The Full Wiki

More info on Bataan Nuclear Power Plant

Bataan Nuclear Power Plant: Wikis

Advertisements
  
  

Note: Many of our articles have direct quotes from sources you can cite, within the Wikipedia article! This article doesn't yet, but we're working on it! See more info or our list of citable articles.

Encyclopedia

From Wikipedia, the free encyclopedia

Bataan Nuclear Power Plant is a nuclear power plant, completed but never fueled, on Bataan Peninsula, 100 kilometers (60 miles) west of Manila in the Philippines. It is located on a 3.57 square kilometer government reservation at Napot Point in Morong, Bataan. It was the Philippines' only attempt at building a nuclear power plant.

History

The Philippine nuclear program started in 1958 with the creation of the Philippine Atomic Energy Commission (PAEC) under Republic Act 2067.[1]

Under a regime of martial law, Philippine President Ferdinand Marcos in July 1973 announced the decision to build a nuclear power plant.[1] This was in response to the 1973 oil crisis, as the Middle East oil embargo had put a heavy strain on the Philippine economy, and Marcos believed nuclear power to be the solution to meeting the country's energy demands and decreasing dependence on imported oil.[2]

Construction on the Bataan Nuclear Power Plant began in 1976. Following the 1979 Three Mile Island accident in the United States, construction on the BNPP was stopped, and a subsequent safety inquiry into the plant revealed over 4,000 defects.[1] Among the issues raised was that it was built near major earthquake fault lines and close to the then dormant Pinatubo volcano.[2]

By 1984, when the BNPP was nearly complete, its cost had reached $2.3 billion.[2] A Westinghouse light water reactor, it was designed to produce 621 megawatts of electricity.[2]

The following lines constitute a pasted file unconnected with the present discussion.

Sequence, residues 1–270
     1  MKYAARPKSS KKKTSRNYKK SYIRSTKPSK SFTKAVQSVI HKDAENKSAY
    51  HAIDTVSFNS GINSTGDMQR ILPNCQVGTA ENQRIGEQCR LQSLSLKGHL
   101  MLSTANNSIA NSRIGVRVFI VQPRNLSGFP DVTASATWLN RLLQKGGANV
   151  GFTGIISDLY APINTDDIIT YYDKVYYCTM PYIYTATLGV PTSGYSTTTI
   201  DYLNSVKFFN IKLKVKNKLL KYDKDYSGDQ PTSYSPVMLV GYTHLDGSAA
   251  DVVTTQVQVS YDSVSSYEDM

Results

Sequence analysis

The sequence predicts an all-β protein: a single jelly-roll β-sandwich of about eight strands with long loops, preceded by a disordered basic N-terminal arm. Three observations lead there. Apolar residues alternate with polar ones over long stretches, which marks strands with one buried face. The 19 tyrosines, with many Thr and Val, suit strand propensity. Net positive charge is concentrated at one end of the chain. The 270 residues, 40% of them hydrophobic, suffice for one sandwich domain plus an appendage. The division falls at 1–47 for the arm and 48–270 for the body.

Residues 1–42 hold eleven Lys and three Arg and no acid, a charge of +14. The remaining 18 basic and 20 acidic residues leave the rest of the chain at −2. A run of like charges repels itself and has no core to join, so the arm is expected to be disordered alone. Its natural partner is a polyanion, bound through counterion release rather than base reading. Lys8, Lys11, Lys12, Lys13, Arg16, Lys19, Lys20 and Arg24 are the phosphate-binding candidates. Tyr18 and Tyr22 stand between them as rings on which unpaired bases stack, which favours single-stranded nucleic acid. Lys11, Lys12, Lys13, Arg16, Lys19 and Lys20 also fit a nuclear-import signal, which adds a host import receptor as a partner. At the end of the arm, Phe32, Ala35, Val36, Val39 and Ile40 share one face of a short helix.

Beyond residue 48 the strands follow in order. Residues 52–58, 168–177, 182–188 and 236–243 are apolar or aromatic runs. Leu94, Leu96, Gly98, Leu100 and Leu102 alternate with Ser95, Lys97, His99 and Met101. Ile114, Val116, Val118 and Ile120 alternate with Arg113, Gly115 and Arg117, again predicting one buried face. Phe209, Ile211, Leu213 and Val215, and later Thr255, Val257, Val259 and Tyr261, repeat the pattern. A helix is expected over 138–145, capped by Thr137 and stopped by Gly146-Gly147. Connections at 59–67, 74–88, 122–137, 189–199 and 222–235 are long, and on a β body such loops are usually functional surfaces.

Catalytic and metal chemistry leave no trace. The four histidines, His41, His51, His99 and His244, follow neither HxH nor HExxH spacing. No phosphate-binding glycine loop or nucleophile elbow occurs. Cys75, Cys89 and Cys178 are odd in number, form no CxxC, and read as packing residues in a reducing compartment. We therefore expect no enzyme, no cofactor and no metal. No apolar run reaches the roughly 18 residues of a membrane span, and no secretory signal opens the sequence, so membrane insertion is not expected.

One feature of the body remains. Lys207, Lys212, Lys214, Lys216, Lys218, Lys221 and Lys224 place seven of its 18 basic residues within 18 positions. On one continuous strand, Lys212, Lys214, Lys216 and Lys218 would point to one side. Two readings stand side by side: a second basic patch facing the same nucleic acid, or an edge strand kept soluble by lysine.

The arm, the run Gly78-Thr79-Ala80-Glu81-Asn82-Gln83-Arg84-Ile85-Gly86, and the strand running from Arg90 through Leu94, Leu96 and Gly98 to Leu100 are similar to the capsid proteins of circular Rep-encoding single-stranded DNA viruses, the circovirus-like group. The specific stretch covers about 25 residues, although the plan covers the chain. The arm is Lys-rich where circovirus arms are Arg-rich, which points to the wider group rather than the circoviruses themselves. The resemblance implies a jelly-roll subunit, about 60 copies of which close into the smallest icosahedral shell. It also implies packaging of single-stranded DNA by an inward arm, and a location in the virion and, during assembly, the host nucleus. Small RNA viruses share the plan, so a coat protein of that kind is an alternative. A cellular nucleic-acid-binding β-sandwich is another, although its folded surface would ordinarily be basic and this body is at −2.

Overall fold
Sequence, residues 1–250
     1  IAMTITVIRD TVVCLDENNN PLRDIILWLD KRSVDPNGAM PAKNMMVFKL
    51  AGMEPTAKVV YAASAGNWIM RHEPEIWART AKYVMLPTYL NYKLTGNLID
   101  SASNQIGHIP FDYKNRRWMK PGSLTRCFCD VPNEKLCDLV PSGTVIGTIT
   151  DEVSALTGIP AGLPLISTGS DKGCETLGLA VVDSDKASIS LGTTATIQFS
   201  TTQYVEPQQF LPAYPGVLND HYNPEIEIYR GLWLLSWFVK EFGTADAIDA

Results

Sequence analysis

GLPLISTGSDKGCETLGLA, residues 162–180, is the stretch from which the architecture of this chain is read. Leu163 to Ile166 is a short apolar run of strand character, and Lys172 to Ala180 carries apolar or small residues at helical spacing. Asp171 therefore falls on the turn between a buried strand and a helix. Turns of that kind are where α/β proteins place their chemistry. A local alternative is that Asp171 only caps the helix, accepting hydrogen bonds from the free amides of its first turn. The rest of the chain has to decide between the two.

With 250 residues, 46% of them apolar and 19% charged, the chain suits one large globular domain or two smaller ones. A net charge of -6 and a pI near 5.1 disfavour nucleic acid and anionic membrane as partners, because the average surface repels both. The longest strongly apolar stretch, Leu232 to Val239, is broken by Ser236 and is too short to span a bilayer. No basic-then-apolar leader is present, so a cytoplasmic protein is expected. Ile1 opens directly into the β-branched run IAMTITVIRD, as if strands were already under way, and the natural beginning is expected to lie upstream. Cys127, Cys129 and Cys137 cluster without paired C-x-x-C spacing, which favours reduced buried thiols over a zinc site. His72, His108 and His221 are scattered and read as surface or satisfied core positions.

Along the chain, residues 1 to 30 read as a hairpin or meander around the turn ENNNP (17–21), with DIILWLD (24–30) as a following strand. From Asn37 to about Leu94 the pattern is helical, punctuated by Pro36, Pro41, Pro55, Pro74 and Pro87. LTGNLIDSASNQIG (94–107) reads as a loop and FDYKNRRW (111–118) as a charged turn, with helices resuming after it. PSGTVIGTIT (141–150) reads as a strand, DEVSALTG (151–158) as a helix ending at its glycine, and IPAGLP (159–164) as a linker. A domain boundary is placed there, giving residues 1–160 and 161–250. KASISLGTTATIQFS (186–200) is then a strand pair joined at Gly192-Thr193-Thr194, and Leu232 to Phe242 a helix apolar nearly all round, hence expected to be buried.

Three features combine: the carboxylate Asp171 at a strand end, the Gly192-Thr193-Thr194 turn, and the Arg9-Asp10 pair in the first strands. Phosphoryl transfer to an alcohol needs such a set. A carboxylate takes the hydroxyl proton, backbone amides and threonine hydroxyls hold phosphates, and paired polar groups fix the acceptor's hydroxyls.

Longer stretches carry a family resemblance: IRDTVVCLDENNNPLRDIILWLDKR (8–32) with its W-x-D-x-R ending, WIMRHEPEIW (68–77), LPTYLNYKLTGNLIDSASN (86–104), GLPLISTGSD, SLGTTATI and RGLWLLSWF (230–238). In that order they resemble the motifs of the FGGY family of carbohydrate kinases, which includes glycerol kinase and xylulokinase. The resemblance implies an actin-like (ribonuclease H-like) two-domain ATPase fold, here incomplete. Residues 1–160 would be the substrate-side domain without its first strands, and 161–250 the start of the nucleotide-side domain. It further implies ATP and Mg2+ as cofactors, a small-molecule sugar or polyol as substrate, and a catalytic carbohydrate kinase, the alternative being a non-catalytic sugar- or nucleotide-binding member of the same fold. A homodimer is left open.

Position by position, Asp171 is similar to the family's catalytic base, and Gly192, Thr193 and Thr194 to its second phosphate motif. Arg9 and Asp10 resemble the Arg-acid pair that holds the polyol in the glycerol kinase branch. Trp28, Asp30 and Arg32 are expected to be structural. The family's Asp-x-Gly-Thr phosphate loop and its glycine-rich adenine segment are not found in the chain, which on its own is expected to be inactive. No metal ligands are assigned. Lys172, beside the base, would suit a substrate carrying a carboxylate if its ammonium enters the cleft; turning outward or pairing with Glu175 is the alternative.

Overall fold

Marcos was overthrown by the People Power Revolution in 1986. Days after the April 1986 Chernobyl disaster, the succeeding administration of President Corazon Aquino decided not to operate the plant.[1][3] Among other considerations taken were the strong opposition from Bataan residents and Philippine citizens.[1][3]

The government sued Westinghouse for overpricing and bribery but was ultimately rejected by a United States court.[4]

Debt repayment on the plant became the country's biggest single obligation, and while successive governments have looked at several proposals to convert the plant into an oil, coal, or gas-fired power station, but all have been deemed less economically attractive in the long term than the construction of new power stations.[2]

Despite never having been commissioned, the plant has remained intact, including the nuclear reactor, and has continued to be maintained.[2] The Philippine government completed paying off its obligations on the plant in April 2007, more than 30 years after construction began.[2]

On January 29, 2008, Energy Secretary Angelo Reyes announced that International Atomic Energy Agency (IAEA) 8-man team led by Akira Omoto inspected the mothballed Bataan Nuclear power station on rehabilitation prospects. In preparing their report, the IAEA made two primary recommendations. First, the power plant's status must be thoroughly evaluated by technical inspections and economic evaluations conducted by a committed group of nuclear power experts with experience in preservation management. Second, the IAEA mission advised the Philippines Government on the general requirements for starting its nuclear power program, stressing that the proper infrastructure, safety standards, and knowledge be implemented.[5] The IAEA's role did not extend to assessing whether the power plant is usable or not, or how much the plant may cost to rehabilitate.[6]

External links

References

Advertisements

Advertisements






Got something to say? Make a comment.
Your name
Your email address
Message